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Working in 8 bit vs 16/32bit?

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James CarverWorking in 8 bit vs 16/32bit?
by on Dec 4, 2016 at 9:23:06 pm

Can anyone explain the type of projects or scenarios where you'd need to work in 16 or 32 bit? I have a general understanding of the difference between the 3 but it's still not clicking when I should be using higher bit rates in AE? Do the additional colors you are able to see in 16/32 bit render out during export as well?

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Darby EdelenRe: Working in 8 bit vs 16/32bit?
by on Dec 4, 2016 at 10:20:51 pm

In my opinion higher bit depth is always preferred. However, it does come with a performance penalty in terms of render speed and memory usage. To that end here are some guidelines for when you'd benefit most from higher bit depth.

High bit depth becomes especially important when your project will include subtle gradations of color. An ideal gradient is a smooth continuous change in color value, but in the digital world there are 256 discrete values in an 8 bit color channel. This results in discrete steps in the gradient ("banding"). 16bpc has 65,536 steps available in each color channel. There are still steps, but they're so close together that we perceive them as being more continuous.

Another scenario where higher bit depth is important is when adjusting color dramatically. Every operation that modifies color will result in a value that needs to fit into one of the buckets o' bits. When working in 8bpc you only have 256 buckets for each color channel, which results in color transformations being rounded less accurately than they would in 16bpc or 32bpc. This problem gets compounded with each additional color transform.

The last scenario where I'd say 16/32bpc is actually required is when linearizing your working color profile. Human vision is more sensitive to darker colors so in the interest of pushing more of the 8 bits available into that darker range we use gamma encoded images. When the gamma is linearized in 8bpc it results in dramatic banding in the low end of color values. If you ever linearize your working profile you must use at least 16bpc.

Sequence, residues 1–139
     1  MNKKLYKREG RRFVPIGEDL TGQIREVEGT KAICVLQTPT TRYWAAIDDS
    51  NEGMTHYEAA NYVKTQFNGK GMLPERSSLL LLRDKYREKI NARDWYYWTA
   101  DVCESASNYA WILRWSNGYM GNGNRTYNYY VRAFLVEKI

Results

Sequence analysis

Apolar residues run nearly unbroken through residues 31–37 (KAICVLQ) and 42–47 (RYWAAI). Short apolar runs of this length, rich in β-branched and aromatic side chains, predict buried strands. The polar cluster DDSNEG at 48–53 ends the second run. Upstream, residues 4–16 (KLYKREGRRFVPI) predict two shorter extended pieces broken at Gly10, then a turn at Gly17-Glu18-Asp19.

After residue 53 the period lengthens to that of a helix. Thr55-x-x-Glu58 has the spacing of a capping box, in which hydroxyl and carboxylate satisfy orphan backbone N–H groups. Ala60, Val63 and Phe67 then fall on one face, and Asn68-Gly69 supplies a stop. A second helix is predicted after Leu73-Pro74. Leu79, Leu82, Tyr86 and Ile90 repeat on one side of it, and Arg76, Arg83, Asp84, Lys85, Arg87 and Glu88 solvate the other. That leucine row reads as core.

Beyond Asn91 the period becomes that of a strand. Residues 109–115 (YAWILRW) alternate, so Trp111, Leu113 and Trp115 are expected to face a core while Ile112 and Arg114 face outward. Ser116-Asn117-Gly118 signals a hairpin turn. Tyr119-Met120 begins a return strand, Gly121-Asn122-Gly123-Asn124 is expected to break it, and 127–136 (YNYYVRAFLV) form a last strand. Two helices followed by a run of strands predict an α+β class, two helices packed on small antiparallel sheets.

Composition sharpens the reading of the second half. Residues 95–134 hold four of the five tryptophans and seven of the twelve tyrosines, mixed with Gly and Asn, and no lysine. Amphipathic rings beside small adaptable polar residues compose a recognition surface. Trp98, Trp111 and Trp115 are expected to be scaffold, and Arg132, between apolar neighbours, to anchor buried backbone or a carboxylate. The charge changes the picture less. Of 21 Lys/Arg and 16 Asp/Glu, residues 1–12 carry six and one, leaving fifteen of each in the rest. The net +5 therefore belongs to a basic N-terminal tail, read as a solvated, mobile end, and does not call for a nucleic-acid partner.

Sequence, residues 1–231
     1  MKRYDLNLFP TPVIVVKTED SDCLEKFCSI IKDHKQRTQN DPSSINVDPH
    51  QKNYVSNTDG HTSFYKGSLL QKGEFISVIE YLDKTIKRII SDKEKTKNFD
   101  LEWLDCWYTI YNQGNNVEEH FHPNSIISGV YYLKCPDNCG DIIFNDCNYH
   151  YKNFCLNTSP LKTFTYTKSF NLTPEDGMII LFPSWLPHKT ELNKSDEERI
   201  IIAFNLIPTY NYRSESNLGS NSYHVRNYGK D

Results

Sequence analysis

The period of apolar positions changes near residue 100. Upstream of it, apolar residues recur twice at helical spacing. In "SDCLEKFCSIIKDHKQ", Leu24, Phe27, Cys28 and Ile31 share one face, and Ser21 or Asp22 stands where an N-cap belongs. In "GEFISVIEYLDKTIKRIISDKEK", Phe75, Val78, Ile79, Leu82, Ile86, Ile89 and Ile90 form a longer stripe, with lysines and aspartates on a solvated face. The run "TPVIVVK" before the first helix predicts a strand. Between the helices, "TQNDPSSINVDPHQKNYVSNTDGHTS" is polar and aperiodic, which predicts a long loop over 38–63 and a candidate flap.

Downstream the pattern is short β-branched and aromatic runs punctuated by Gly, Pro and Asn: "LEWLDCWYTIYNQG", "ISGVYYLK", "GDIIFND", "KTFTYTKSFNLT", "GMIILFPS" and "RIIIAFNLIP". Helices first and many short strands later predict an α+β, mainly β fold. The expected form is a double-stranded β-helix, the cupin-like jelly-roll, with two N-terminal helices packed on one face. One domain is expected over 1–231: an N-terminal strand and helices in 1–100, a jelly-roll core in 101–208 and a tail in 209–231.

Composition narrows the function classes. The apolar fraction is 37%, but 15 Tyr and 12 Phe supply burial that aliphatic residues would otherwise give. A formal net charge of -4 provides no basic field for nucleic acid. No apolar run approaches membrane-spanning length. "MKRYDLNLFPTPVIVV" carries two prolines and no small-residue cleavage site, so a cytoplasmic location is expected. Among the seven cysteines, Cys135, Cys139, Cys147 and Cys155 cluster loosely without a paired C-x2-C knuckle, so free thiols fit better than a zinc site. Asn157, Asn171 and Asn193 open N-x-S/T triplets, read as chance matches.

Lastly, some codecs support higher bit depth outputs, but even if you're outputting to an 8 bit image you'll benefit from working at a higher bit depth. Gradients will be calculated internally at the higher bit depth and then dithered to fit into 8bpc, resulting in a more perceptually continuous gradient.

Darby Edelen


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James CarverRe: Working in 8 bit vs 16/32bit?
by on Dec 5, 2016 at 5:09:10 am

Thanks for that refresher, but what do you mean by "linearizing your working color profile"?

Also is it safe to assume I can work in 8 bit and later change it to 16 bit for the final render without issues? Basically switching back and forth to monitor as I go along?

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Darby EdelenRe: Working in 8 bit vs 16/32bit?
by on Dec 5, 2016 at 6:27:58 am
Last Edited By Darby Edelen on Dec 5, 2016 at 6:42:15 am

There should be no negative impact in only switching from 8bpc to 16bpc. Some effects are not supported in 16bpc and 32bpc, they will appear with exclamation points in the effects panel. These effects render in 8bpc so some of the benefit of the higher bit depth is lost, but it shouldn't look worse than it did in 8bpc.

If you switch to 32bpc (floating point) then it's possible to have values outside of the black-to-white range and so the look has the potential change dramatically.

Linearizing the working color profile is an option in the project settings. For pure motion graphics work this is largely unnecessary, but for compositing work it makes it possible to create more physically accurate effects and composites. The explanation is involved, but suffice to say that a linear profile more accurately represents light in the real world.

Darby Edelen


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